Multigenerational and multilingual family

Multigenerational and Multilingual Family
I am a born Middle Eastern who is really proud of my culture even though it seems like it clashes with the American culture which is more liberal. I have been raised by my grandmother and parents and hence our family is a multigenerational one. My grandmother is multilingual based on her different cultural backgrounds and heritage. She was born in Venezuela which makes her a Venezuelan by birth but was raised in Palestine. This makes us of mixed heritage and hence the reason for simply calling ourselves Middle easterners. My culture is very strict about grandparents raising their grandchildren even though their parents are still alive.
The fact that my family is a multigenerational one is a cause for arguments over modern and traditional ideas. The argument is between the older generation which comprises of my grandmother and my parents and my siblings and I which are the young generation. The older generation’s mentality and ideas are tailored towards traditional issues which used to take place long time ago. With the younger generation however, the ideas are much more liberal and geared towards the modernity such as the internet age among others.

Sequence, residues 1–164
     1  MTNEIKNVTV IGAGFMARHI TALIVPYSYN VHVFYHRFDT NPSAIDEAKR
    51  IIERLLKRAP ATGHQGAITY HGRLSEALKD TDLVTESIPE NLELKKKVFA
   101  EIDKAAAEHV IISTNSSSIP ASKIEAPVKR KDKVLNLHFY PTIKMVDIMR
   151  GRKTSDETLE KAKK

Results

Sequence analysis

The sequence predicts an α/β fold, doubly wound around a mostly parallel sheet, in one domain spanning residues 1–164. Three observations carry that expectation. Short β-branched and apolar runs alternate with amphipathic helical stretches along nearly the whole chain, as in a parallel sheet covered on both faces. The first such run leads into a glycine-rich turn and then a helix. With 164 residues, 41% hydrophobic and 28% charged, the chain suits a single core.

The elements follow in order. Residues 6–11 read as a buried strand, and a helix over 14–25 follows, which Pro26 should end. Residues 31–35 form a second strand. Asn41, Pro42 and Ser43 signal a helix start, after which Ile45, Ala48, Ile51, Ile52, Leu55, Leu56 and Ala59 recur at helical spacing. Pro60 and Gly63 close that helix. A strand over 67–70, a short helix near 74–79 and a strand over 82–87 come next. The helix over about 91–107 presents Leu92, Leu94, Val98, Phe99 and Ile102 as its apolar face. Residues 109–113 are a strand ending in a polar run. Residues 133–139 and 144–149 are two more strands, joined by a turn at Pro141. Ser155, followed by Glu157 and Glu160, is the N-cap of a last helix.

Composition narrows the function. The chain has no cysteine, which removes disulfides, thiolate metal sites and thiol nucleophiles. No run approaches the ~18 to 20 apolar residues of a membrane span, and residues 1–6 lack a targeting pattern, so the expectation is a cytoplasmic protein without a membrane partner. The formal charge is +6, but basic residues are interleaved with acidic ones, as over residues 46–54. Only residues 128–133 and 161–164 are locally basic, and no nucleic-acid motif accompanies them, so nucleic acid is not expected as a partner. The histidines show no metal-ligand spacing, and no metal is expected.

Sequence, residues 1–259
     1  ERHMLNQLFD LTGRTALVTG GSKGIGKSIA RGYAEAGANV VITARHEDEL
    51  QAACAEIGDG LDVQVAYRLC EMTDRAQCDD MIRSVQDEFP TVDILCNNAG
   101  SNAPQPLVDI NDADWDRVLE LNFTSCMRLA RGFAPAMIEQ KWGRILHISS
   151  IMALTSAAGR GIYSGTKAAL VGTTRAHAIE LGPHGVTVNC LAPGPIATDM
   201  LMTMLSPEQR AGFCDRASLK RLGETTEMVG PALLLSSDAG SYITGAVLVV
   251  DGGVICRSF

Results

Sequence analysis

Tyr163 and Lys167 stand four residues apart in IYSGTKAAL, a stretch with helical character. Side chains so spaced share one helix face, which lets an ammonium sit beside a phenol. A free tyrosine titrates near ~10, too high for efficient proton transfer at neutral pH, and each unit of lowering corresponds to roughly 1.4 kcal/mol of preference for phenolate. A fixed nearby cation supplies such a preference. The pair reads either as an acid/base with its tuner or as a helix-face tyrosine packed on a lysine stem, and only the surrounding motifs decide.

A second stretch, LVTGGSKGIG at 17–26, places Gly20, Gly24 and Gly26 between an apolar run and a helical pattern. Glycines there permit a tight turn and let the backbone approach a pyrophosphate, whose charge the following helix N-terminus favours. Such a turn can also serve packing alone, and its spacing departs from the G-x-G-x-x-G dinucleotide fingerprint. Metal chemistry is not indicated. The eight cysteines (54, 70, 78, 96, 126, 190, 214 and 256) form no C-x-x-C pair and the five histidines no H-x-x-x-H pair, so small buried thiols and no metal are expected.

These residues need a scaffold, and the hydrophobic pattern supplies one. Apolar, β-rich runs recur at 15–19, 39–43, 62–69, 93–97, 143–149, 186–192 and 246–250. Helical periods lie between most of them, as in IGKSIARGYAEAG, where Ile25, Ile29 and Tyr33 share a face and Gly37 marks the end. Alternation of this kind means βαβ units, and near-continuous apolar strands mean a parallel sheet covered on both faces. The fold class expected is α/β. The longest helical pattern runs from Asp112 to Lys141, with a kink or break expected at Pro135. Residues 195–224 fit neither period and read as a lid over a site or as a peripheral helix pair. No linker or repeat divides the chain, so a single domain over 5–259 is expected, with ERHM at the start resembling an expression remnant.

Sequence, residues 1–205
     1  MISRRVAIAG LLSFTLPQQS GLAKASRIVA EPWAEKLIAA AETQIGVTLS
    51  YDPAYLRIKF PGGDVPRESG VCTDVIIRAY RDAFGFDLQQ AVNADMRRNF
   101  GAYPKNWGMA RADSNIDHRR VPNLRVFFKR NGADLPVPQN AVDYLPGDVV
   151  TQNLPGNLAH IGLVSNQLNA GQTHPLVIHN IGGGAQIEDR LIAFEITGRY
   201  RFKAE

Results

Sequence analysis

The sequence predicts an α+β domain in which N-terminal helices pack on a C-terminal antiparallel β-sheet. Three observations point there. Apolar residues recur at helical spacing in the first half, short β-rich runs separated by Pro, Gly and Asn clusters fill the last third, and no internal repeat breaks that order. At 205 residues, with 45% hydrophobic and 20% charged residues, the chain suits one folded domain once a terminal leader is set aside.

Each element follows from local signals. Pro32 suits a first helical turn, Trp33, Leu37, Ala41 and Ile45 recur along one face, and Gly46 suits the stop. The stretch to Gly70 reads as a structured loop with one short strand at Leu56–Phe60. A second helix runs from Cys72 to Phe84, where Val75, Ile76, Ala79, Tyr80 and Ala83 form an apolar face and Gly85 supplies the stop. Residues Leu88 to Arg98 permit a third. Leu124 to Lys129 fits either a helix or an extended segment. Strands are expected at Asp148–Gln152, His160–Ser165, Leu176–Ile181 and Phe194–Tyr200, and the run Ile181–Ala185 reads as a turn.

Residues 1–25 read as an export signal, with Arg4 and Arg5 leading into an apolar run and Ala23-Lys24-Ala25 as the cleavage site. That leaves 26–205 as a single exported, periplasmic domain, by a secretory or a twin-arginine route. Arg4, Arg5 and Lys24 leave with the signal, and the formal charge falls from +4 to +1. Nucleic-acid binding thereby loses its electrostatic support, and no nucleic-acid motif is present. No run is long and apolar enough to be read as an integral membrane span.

Other than the multigenerational era, the other unique thing about my family is the fact that every decision I make affects the rest of the family one way or another. The other reason is that according to the Arab culture, male members of the family despite matter their age are highly regarded and their opinion valued by the whole family. This is very different from the American family where decisions do not necessarily affect the whole family but only a few pertinent members.
My culture is also unique in the fact that sons take after their parents and follow directly in their footsteps when it comes to career paths as well as family decisions and choices. This led to a bit of a fall out with my father. He wanted me to follow these cultural rules and join the family business and get to run it entirely on my own someday when he retires. I however wanted to develop my own roots and become my own individual who would not happen with me joining the family business and my father shadowing me. I therefore decided to be my own individual by pursuing a career in medicine which I had to move away from home to America to pursue.
The fact that my culture and particularly my family is very different from what happens in America makes me appreciate them even more than I did before. The one thing however that I have vowed to strictly following the footsteps of my culture is that of grandparents living together with their children and grandchildren. This leads to passing of cultural traits from one generation to the other leaving little room for generational gaps and culture disintegration which is the reality in the US.
Living in America and having to learn and adapt to new cultures as well as all the modernity it offers often creates a clash in my decision making. This is mainly from the fact that I have only grown up to be aware of the Middle Eastern culture. However, I appreciate this diversity and do not regard it as a problem because at the end of it all, I am able to become my own individual and make my own independent decisions as well as choose my own path.